A number of changes in the body occur as we age, and some are very subtle. Even in healthy seniors, some of the muscle starts to disappear, and is exchanged for fat. The kidneys and liver don’t work as well. The heart pumps less blood. All of these changes add up and affect how our bodies handle medication. Often, medications have a longer-lasting effect in an older person. For these reasons, the amount may need to be reduced or medication taken less often.
In addition, we can become more sensitive to some medications as we get older. While a young person might not experience any problems with a medication that can cause constipation, an older person may be miserable taking it. Medications used for insomnia, to improve mood, depression, and anxiety, or to treat pain, can all affect seniors much more than young people.
Specific medication-related problems for seniors include confusion, falling, dizziness, tremor, and concerns about driving.
Confusion can increase a senior’s risk of falling and breaking a bone, having a driver’s license taken away, or being admitted to an institution. Sadly, older people might be also labelled as having dementia if they seem confused. It may be surprising to realize that some medications can actually make a senior more confused or affect memory. Such medications must be carefully adjusted to reduce the risk of confusion.
Sleeping pills, narcotics (for pain), antipsychotics (used to control hallucinations), antidepressants, steroid pills (such as prednisone), and a variety of other medicines can increase the risk of confusion. Some common non-prescription medications, such as antihistamines or cough and cold products, can have a similar effect. Sometimes medications used to treat an overactive bladder can lead to confusion, as can some medicines used for Parkinson Disease. People who have spasms in their intestines may also be on medication that can increase confusion.
In some cases a medical condition that is not treated can make people confused. Not getting enough sleep, being anxious or depressed, having severe pain or lung disease or a dementia such as Alzheimer Disease can all cause confusion. A medication treating the condition may reduce the related confusion. However, if not used carefully, medication can sometimes make the confusion worse.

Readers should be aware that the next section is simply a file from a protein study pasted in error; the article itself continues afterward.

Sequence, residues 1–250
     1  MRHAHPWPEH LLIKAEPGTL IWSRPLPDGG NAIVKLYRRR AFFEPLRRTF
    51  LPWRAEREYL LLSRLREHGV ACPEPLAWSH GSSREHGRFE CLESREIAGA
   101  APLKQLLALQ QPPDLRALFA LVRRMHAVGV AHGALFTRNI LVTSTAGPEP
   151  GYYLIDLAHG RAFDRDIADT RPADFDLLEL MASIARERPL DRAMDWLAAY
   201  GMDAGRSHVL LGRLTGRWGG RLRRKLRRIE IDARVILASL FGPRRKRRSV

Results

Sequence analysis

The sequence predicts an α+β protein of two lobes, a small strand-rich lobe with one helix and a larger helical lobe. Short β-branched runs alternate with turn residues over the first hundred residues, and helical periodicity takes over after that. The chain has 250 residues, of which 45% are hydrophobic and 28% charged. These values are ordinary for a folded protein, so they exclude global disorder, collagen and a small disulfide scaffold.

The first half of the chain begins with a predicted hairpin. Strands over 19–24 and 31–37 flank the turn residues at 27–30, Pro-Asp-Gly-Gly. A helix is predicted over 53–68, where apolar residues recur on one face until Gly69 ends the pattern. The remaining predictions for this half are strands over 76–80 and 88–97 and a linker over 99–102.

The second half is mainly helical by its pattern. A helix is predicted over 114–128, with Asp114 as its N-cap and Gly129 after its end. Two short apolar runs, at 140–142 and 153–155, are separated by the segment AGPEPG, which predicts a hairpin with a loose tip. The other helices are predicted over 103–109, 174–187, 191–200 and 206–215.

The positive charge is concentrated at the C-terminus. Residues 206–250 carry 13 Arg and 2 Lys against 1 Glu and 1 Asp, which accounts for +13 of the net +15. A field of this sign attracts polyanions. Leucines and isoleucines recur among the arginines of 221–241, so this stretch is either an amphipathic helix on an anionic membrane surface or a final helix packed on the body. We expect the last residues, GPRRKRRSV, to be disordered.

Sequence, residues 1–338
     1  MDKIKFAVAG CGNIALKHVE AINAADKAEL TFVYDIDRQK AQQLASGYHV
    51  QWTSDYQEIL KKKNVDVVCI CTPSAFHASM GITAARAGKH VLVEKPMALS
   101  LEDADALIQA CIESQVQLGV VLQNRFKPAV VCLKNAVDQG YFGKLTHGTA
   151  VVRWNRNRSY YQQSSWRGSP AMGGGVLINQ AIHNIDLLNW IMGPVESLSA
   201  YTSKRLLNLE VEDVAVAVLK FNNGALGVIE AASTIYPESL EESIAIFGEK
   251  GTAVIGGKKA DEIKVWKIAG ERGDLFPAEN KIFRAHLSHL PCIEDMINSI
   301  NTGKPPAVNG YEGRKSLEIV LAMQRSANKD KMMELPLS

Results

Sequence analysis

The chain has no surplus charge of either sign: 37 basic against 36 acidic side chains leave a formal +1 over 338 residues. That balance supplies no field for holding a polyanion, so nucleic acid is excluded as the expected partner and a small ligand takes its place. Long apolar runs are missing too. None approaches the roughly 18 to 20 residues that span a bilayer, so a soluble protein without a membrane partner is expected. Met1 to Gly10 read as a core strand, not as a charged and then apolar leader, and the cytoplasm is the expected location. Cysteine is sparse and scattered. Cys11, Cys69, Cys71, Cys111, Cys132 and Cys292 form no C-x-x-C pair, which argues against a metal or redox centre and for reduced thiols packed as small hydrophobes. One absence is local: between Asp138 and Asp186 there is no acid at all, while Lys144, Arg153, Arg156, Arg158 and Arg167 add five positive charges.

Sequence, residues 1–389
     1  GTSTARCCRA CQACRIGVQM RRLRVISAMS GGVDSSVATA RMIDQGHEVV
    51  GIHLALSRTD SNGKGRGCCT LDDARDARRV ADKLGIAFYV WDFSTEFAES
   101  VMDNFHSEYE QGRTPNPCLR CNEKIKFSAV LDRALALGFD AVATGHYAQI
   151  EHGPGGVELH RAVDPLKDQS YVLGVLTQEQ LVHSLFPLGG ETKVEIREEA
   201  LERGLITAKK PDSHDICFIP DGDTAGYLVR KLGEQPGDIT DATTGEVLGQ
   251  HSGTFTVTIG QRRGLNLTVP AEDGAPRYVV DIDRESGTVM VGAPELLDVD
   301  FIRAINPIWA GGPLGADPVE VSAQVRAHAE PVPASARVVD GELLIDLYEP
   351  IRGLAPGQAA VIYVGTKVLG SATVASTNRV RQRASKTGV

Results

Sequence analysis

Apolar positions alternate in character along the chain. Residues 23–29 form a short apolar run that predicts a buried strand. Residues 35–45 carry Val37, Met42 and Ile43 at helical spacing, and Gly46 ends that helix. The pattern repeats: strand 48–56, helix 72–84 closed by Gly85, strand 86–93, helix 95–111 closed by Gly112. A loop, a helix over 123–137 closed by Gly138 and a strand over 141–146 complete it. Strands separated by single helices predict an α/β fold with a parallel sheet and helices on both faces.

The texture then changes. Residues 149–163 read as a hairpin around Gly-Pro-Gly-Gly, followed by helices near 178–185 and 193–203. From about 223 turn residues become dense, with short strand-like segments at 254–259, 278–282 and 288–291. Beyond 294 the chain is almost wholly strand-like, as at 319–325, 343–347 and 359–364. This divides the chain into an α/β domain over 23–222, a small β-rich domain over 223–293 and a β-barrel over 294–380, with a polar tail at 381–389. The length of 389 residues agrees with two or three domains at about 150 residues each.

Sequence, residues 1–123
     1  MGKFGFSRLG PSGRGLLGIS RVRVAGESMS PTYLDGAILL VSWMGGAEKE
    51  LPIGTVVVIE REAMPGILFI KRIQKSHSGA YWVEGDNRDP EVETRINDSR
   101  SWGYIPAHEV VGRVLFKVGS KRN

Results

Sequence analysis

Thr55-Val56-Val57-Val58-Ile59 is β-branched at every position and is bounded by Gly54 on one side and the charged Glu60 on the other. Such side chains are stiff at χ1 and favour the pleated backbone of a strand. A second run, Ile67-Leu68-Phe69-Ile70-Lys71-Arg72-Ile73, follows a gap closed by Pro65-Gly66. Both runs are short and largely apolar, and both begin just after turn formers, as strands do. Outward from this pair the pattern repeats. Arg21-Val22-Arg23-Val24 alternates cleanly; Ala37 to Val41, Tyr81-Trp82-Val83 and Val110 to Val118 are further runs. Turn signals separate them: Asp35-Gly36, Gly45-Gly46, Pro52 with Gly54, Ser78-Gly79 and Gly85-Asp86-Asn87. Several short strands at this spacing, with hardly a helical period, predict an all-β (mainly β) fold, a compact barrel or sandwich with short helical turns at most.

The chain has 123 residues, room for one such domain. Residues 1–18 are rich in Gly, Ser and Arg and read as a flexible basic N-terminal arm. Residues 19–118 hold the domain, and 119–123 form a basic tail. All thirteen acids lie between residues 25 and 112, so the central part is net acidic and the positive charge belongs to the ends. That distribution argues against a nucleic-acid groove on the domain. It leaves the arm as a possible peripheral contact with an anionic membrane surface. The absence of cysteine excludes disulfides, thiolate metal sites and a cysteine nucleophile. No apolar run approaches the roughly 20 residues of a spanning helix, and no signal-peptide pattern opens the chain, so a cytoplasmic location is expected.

Often a single medication does not cause a problem, but taking a number of medications can result in side effects. Taking more than one medication that causes confusion can significantly increase the risk. Seniors may find it helpful to have a pharmacist and doctor review their medication list for pain killers, sleeping pills, and non-prescription products that may cause confusion. Sometimes medication can be adjusted or another medication used.
Talk to your pharmacist each time you purchase a non-prescription product. Some products can cause side effects as severe as for a prescription medication. Products may also combine a few different medicines. A pharmacist can help analyze all of the medications for possible side effects you could experience.
Sleep patterns can change with age. Often seniors take more naps during the day but sleep less at night. In a 24-hour period, most seniors can sleep long enough to feel rested without taking medication. Sleeping less at night does not mean that you need a sleeping pill. However, those who are depressed or have a lot of anxiety can be helped by taking a sleeping pill or a medicine to calm their nerves.
Still, sleeping pills can be related to confusion or maybe even some loss of memory. Those using sleeping pills are also at a higher risk of having a motor vehicle accident, or falling and breaking a bone. Some sleeping pills continue to act for days after they are taken. During this time the risk for accidents can be higher. It is important that sleeping pills be taken for the shortest time required, and only at the dose prescribed. If you feel the medication is not working after a few doses, speak to your doctor.
If you have been taking sleeping pills for a long period of time, you have not necessarily become immune to the side effects. You can still fall or have an accident from the effects of a medication even after using it for many years. Do not stop taking sleeping pills abruptly. Sometimes they must be stopped gradually, especially if you have been taking them for more than two weeks. Some people will require sleeping pills for a long period of time. Talk to your doctor if you are not sure about your use of sleeping pills.